(Center left) Devery Patterson has been trying to start a Phi Beta Sigma chapter on campus with the support of Zeta Phi Beta sisters like Gabrielle Pringle (center right). Photo by Jasmyne Ray for The Alabamian.
There could soon be another addition to the five National Panhellenic Council (NPHC) Greek organizations on campus.
Devery Patterson, a senior sociology major, has plans to start a Phi Beta Sigma colony on campus. Patterson is currently the only Sigma on campus having “crossed,” or joined, the organization through an alumni chapter in the spring of 2015.
“I wanted to start a chapter here because it was an opportunity to increase our NPHC organizations,” said Patterson. “Also it was the opportunity to not only grow my organization but a way to show the great works of Sigma.”
In order to begin a new NPHC organization on campus, a student first has to go through the Campus Life Advisory Committee (CLAC). The CLAC gets together at the beginning of every year to determine if there are enough students on campus for a new organization to be needed.
If there are, the NPHC advisor, Cedric Norman, “will present applications from interested groups to the NPHC council for approval.” If it is approved by the NPHC council, the advisor contacts “local alumni representatives of the interested NPHC group to determine if alumni support is available.”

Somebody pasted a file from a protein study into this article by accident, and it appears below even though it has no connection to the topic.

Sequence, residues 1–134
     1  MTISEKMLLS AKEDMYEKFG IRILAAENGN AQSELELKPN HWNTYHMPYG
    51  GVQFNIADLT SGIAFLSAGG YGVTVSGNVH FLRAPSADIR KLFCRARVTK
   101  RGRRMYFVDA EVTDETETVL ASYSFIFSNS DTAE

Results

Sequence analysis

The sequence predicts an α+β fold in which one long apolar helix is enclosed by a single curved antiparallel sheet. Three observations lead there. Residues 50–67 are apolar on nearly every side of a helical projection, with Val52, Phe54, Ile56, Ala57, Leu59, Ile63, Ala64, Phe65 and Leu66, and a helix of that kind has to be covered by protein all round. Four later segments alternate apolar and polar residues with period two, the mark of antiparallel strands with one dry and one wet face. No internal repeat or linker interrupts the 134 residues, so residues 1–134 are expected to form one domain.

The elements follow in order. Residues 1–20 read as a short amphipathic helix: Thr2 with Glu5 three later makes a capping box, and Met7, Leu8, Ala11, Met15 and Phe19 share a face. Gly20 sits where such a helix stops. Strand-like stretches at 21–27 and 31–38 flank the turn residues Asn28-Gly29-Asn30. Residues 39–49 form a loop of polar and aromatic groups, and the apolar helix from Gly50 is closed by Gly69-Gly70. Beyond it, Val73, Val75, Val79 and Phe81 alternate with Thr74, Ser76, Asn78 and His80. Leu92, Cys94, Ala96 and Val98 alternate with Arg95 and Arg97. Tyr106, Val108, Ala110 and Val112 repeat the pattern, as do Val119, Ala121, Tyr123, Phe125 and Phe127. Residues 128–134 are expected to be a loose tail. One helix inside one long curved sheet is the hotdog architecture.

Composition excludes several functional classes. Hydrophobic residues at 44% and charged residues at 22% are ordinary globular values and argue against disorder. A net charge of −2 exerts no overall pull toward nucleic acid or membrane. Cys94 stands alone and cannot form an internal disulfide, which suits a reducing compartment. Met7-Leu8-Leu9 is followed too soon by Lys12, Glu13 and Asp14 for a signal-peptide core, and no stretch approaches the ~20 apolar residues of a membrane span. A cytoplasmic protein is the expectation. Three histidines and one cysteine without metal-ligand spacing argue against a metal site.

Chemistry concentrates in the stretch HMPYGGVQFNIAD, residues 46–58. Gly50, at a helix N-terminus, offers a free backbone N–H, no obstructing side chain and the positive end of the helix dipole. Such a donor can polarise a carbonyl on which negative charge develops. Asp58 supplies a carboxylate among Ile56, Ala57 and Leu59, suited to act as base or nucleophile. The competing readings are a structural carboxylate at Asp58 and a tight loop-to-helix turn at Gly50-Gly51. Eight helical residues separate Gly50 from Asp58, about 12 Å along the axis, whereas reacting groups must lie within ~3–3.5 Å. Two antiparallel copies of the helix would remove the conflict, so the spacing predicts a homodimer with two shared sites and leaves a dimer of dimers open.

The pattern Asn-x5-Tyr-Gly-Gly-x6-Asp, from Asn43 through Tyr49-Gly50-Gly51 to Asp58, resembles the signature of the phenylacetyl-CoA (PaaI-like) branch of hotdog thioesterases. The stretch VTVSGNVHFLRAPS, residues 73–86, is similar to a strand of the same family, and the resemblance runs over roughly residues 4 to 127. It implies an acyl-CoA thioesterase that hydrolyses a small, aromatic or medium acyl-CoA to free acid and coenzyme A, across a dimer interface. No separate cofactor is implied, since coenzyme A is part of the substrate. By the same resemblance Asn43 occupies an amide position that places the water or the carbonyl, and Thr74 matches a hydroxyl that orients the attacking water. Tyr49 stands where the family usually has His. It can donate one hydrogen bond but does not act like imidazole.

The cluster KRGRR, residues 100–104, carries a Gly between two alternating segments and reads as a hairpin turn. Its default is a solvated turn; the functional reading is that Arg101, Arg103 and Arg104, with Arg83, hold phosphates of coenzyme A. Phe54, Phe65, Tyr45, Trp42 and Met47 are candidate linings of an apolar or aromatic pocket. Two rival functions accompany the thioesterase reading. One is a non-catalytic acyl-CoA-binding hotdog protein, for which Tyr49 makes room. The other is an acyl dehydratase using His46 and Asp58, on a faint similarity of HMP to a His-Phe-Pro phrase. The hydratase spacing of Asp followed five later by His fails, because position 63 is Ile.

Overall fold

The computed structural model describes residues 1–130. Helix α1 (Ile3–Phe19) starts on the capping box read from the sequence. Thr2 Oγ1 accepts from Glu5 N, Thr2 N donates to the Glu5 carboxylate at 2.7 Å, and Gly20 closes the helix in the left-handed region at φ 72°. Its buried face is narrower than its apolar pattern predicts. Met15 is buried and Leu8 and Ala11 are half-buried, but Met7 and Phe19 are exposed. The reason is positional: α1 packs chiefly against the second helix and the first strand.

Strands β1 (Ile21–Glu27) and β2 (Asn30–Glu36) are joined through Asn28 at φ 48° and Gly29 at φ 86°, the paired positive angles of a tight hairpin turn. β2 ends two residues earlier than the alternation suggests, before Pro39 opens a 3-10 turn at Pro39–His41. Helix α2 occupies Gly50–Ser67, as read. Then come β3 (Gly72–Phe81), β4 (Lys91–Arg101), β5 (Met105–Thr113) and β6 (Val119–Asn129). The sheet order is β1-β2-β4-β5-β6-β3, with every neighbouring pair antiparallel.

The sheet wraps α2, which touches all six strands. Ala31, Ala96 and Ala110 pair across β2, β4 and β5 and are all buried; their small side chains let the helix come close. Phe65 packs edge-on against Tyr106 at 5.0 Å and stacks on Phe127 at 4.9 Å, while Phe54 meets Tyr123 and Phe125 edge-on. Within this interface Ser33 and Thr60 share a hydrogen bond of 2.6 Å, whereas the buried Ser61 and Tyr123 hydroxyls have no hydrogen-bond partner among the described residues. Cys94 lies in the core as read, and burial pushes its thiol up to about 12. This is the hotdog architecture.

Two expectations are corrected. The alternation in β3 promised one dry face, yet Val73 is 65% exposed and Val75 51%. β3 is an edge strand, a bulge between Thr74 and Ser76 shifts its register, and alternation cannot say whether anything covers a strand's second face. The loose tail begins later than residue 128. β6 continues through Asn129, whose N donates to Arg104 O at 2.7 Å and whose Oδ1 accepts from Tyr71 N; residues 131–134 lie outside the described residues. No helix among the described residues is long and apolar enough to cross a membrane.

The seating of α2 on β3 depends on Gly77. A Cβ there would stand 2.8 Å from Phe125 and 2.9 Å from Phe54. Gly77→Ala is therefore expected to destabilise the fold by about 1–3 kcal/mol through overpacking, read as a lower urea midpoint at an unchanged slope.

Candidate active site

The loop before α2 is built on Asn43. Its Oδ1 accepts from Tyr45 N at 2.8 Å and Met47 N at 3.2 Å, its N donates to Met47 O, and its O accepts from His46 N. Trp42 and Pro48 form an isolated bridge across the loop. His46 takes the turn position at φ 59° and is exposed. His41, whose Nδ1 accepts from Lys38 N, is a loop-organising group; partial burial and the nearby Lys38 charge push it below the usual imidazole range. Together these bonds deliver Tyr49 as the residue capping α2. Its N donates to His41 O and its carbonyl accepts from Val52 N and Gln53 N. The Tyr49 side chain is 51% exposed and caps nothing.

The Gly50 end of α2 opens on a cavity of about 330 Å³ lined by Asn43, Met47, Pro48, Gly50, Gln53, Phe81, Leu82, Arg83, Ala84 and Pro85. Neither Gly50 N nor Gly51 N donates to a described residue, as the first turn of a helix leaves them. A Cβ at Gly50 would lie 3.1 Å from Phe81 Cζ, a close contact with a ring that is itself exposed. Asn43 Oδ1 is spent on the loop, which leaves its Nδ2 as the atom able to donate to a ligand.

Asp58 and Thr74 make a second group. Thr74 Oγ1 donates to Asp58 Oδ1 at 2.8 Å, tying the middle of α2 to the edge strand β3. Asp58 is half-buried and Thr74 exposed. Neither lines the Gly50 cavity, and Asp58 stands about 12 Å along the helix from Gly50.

If it is, the interested NPHC group has to submit a request to the CLAC and present information about their organization per the criteria and guidelines for forming an organization or club. From there, the CLAC will approve or deny their request.
Since trying to start a chapter, Patterson has had help from the ladies of Zeta Phi Beta, a fellow NPHC organization.
“Even though we are constitutionally bound, we are still separate organizations,” said Briana Brown, president of Zeta Phi Beta. “We never are involved with each other’s MIP [membership intake process] or chartering process nor do we get involved with chapter business.
Cedric Norman, the assistant director of student life, said the new organization is a good thing and is hopeful for its success.
“Hopefully we can have enough young men to support a colony and ultimately have it turn into a chapter,” Norman said. “I think it’s good for Greek life because it gives guys more options as far as fraternities, and Phi Beta Sigma is especially attractive because of how diverse they are nationally.”
Patterson is also hopeful for not only Phi Beta Sigma’s success, but the growth of the NPHC as a whole.
“We are a small group compared to the other organizations on campus, but I think that we do well with what we have,” Patterson said. “Every year or even semester we do look forward to growth, and since I’ve been a member, I can honestly say I have seen that growth.”